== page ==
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Zora Neal Hurston

Elizabeth Van Dyke                       



                         By R. Pikser


Not only important history but breathtaking performances


A theatrical biography could be tedious, but Laurence Holder’s 20 year old piece about the life of Zora Neale Hurston, mounted again in celebration of the 125th anniversary of her birth, is stunning.  As narrated by Ms. Hurston at the bus station, as she leaves New York to go back home to her small town in Florida, the piece is full of vignettes, stories, portraits of those she was close to, and wicked satires of some she was not so close to.  This country girl became the first Black student at Barnard College on a scholarship arranged by the most famous anthropologist of the day, Franz Boas.  She was a principal figure of the primarily male Harlem Renaissance, and reputed queen of it.  Her politics, well in advance of her time, is still problematic for some:  She believed that Black people did not need to be, should not be, integrated into white society, that they would do better on their own, providing their own excellence as they had done historically, from the Egyptians with whom Aristotle studied, through the playwright Terence, the composers Haydn and Beethoven, and innumerable other renowned thinkers and artists.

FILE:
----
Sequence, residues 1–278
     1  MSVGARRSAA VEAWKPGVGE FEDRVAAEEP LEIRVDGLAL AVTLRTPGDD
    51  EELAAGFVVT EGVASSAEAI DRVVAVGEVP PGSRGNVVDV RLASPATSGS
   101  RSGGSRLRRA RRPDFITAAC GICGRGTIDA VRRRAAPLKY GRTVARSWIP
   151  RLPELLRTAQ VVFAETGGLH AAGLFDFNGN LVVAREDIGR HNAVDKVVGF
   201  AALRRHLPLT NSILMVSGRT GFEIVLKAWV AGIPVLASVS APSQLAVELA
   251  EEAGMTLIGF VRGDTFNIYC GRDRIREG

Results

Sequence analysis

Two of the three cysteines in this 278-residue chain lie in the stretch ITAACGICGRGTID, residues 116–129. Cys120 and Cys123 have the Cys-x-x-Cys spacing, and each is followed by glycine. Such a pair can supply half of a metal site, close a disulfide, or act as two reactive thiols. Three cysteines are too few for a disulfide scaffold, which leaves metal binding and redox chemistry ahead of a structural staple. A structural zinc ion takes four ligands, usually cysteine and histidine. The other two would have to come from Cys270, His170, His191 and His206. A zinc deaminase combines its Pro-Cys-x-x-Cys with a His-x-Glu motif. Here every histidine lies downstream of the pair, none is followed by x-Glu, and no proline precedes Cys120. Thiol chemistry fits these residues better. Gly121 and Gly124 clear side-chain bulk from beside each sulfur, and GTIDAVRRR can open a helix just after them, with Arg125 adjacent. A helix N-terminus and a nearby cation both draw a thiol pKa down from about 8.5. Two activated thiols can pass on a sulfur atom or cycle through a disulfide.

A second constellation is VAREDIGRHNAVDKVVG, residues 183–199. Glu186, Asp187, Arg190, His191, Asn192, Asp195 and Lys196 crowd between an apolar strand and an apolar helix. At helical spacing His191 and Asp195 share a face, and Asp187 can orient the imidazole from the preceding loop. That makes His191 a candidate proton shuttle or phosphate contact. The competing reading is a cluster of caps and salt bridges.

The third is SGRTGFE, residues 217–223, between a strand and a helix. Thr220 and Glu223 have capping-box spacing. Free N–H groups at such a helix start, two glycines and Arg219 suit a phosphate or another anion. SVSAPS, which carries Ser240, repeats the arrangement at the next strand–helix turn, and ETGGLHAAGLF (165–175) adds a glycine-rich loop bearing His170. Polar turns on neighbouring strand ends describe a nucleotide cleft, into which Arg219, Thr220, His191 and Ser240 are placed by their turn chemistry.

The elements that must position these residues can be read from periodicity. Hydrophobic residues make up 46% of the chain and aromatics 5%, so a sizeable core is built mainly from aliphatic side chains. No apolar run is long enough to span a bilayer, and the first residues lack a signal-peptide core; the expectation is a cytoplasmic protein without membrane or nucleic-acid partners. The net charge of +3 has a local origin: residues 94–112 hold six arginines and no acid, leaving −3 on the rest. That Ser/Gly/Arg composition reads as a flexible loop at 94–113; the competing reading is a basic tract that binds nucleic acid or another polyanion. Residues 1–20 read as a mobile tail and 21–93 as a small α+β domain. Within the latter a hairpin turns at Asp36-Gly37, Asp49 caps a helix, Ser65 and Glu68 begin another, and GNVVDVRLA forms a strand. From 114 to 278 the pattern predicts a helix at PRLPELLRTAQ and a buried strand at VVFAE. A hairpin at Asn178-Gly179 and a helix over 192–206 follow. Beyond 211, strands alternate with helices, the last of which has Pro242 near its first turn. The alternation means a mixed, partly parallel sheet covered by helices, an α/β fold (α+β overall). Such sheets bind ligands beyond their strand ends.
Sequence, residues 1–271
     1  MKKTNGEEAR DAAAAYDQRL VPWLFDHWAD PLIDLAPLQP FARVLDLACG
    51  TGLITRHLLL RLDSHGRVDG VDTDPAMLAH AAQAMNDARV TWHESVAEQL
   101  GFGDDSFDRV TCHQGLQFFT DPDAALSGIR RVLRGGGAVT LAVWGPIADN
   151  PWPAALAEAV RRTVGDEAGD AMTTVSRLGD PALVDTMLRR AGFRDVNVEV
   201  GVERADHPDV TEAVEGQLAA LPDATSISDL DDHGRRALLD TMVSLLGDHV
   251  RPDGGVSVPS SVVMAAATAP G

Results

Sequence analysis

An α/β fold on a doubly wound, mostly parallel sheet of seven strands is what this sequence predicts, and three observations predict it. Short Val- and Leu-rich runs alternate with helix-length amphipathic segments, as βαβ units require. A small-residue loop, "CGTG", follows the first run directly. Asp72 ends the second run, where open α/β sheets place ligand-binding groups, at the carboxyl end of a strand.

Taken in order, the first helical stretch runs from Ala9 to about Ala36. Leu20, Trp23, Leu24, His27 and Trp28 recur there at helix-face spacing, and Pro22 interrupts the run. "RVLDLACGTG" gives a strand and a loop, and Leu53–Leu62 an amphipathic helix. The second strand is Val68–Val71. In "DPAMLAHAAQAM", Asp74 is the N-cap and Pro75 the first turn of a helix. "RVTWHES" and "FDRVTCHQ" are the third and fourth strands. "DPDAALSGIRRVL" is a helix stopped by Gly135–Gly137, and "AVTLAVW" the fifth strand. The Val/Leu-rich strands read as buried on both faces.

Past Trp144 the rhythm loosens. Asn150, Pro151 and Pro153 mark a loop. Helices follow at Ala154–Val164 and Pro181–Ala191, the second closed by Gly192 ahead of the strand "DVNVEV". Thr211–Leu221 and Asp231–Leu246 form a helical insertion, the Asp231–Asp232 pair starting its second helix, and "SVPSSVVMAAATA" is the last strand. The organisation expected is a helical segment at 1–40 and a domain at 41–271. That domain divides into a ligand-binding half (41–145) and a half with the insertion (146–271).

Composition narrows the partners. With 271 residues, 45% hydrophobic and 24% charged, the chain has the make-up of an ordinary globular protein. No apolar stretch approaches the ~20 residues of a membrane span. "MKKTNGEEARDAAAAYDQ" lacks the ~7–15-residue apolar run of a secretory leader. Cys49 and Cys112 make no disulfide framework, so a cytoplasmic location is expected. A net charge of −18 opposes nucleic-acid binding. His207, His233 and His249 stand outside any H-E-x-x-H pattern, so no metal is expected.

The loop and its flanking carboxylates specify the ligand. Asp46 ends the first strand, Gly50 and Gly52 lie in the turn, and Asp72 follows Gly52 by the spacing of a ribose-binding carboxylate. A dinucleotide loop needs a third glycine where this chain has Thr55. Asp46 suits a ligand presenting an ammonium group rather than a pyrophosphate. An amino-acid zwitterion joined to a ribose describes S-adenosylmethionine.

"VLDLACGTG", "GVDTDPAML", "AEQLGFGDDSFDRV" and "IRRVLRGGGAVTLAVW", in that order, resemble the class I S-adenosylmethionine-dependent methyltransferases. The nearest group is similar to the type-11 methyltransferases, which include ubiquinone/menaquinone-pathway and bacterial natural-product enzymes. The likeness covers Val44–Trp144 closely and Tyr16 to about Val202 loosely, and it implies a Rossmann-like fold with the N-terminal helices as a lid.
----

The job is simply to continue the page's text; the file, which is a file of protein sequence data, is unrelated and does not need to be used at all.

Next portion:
Hurston was solidly grounded in her love for and appreciation of Black culture.  This position, deemed radical, and her irrepressible sense of self, earned her the enmity not only of whites, who feared Blacks, but of her peers, especially the men, who could not stand (or feared) an uppity woman, especially one whose politics ran counter to theirs.  Her enemies banded together to accuse her of child molestation, though she had been out of the country at the time of the alleged assault.  Though exonerated, she was driven from New York in poverty.  But no one ever succeeded in stilling her voice, which still speaks to us and resonates within us.


Elizabeth Van Dyke and Joseph Lewis Edwards                    photos by Gerry Goodstein.


The performances of Elizabeth Van Dyke and Joseph Lewis Edwards, recreating their original roles, show the advantages of maturity.  Ms. Van Dyke, as Hurston, a few upper class white ladies, and all the different characters in the folk tales she tells us, and Mr. Edwards as the various men in Hurston’s life, are impeccable.  Not only do they create the characters, their characters listen to one another and react.  These two are artists and they demonstrate what the craft of acting can be at its finest.


The staging of the piece by director Woodie King, Jr. overcame most of the limitations of the very small stage space at the Castillo.  We needed very little more than to watch the performers at their work.  One problem that was not successfully overcome was the complication between the limited stage space, the lighting spill and the projections of the photographs of the famous historical figures on the panels that gave some depth to the space.  We need to clearly see these figures from the past so they will impress themselves into our memories, whether for the first time, or once again, so that we can learn from them in their brilliance and their foibles.  The brilliance of the performers deserves nothing less than the brilliance of the scene, even if they can and do triumph over any obstacle.


Zora Neal Hurston


New Federal Theatre

Zora Neal Hurston

October 20th - November 20th, 2016

Castillo Theater

543 West 42nd Street

New York, NY

Tickets $40; Students and Seniors $30; Groups of 10 or more $25

Box Office:  212 941 1234; 212 353 1176;